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  48. Emerson's Ladder of Ascent: Modernity and the Platonic Tradition.John Michael Corrigan - 2009 - Dionysius 27.
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  49. “Not Like Any Form of Activity” Waiting in Emerson, Melville, and Weil.Clark Davis - 2009 - Common Knowledge 15 (1):39-58.
    In his meditation on Emerson's self-reliance, George Kateb argues that Emerson's entrance into antislavery politics, particularly his calls for collective mobilization, constitutes a “deviation from his theory of self-reliance, not its transformation.” Though Emerson often imagines a self-reliance that can lead to action, his descriptions of the fundamental attitude of the self towards the world suggest passivity, attention, and waiting. Because he rules out logical or teleological sources for inspiration, his conception of self-reliance is fundamentally at odds with progressivist narratives (...)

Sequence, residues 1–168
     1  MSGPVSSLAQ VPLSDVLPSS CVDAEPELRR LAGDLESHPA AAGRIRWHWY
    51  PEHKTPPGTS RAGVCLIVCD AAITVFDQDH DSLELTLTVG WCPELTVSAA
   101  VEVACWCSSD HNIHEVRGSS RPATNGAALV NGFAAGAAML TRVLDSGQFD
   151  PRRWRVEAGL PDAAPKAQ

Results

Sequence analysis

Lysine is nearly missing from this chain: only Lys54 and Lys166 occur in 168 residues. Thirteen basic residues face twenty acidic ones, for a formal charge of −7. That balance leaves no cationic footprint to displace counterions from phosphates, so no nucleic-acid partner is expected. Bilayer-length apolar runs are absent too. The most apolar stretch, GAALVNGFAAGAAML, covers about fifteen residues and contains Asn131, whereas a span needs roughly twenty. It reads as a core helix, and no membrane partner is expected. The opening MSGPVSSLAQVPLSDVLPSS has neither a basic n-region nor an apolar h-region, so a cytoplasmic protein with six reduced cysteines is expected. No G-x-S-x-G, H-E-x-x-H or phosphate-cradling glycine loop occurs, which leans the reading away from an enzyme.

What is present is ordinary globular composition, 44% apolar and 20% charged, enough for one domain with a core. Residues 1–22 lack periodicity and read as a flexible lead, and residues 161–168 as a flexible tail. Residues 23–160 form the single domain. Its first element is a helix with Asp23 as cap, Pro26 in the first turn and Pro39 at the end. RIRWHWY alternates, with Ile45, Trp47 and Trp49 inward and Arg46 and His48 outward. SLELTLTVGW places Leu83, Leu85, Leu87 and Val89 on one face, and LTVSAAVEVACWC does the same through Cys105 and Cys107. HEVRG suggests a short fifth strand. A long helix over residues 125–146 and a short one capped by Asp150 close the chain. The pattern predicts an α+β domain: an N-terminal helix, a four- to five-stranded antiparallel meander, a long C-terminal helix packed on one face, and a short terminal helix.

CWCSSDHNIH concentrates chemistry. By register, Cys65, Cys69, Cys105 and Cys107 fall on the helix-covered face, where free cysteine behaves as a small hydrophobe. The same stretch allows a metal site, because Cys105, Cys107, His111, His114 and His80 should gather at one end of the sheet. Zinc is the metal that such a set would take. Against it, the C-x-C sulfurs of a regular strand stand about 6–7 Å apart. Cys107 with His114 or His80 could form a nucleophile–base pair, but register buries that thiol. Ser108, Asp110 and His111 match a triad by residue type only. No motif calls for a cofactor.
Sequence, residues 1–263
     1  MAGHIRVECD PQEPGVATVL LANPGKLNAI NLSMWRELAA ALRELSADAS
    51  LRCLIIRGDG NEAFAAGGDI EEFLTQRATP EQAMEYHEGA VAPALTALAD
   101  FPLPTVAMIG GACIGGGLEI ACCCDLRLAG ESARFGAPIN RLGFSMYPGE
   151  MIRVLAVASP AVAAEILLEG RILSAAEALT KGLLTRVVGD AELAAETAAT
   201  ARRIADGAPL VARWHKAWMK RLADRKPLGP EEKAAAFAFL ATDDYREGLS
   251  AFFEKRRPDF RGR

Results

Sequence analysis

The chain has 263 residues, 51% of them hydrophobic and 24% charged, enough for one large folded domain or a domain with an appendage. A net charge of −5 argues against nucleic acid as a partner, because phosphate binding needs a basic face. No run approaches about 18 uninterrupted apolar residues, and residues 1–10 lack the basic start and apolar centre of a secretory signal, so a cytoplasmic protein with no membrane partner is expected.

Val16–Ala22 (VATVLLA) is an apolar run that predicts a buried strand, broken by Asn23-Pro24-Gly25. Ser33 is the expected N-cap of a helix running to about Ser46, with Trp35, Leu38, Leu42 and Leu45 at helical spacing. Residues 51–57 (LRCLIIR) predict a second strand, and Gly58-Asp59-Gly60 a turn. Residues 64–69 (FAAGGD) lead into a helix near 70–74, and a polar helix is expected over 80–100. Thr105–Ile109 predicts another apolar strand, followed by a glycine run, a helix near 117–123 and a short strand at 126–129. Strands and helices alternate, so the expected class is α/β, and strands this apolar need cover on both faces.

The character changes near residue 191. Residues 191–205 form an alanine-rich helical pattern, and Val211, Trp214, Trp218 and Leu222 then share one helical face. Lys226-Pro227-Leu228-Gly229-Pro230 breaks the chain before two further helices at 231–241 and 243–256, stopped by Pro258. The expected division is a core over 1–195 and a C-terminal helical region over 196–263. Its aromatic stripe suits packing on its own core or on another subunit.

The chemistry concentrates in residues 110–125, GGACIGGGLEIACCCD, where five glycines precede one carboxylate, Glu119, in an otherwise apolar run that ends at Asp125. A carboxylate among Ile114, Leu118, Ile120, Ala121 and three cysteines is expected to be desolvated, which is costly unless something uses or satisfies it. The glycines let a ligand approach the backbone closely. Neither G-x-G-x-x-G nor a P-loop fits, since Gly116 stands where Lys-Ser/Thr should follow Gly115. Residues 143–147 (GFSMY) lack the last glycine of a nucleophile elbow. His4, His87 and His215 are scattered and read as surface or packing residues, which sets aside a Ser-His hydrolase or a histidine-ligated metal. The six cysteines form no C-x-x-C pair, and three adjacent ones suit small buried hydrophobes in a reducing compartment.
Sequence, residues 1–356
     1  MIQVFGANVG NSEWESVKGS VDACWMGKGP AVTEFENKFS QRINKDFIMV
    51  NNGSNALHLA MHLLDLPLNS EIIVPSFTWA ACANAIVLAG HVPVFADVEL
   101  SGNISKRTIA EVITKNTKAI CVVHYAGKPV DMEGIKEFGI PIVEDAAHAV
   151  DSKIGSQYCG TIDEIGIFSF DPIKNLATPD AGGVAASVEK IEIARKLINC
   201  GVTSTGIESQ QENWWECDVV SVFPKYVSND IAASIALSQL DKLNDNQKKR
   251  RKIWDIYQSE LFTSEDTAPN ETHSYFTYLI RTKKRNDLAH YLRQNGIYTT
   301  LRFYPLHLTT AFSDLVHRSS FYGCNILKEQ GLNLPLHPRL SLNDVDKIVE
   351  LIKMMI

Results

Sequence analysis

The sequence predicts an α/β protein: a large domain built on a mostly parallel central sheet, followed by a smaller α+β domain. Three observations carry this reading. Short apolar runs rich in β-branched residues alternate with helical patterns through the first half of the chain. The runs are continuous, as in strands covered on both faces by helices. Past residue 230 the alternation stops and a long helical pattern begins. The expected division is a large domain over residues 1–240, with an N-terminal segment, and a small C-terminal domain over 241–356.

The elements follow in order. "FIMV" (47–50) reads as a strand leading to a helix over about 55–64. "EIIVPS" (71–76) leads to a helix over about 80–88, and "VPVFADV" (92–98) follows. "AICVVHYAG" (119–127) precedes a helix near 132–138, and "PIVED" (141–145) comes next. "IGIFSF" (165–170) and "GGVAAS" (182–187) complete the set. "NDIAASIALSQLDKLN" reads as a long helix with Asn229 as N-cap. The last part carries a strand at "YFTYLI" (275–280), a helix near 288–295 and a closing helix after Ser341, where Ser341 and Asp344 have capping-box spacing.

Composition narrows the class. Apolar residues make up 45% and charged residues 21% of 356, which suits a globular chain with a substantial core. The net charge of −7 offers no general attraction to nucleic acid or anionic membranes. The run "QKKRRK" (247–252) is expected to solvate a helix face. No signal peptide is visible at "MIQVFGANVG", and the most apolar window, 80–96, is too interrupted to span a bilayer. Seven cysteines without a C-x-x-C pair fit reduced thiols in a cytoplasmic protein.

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  50. Elective Affinities: Emerson’s “Poetry and Imagination” as Anticipation of Peirce’s Buddhisto-Christian Metaphysics: Afinidades Eletivas: “Poetry and Imagination” de Emerson Como Antecipação À Metafísica Budista-Cristã de Peirce.David Dilworth - 2009 - Cognitio 10 (1).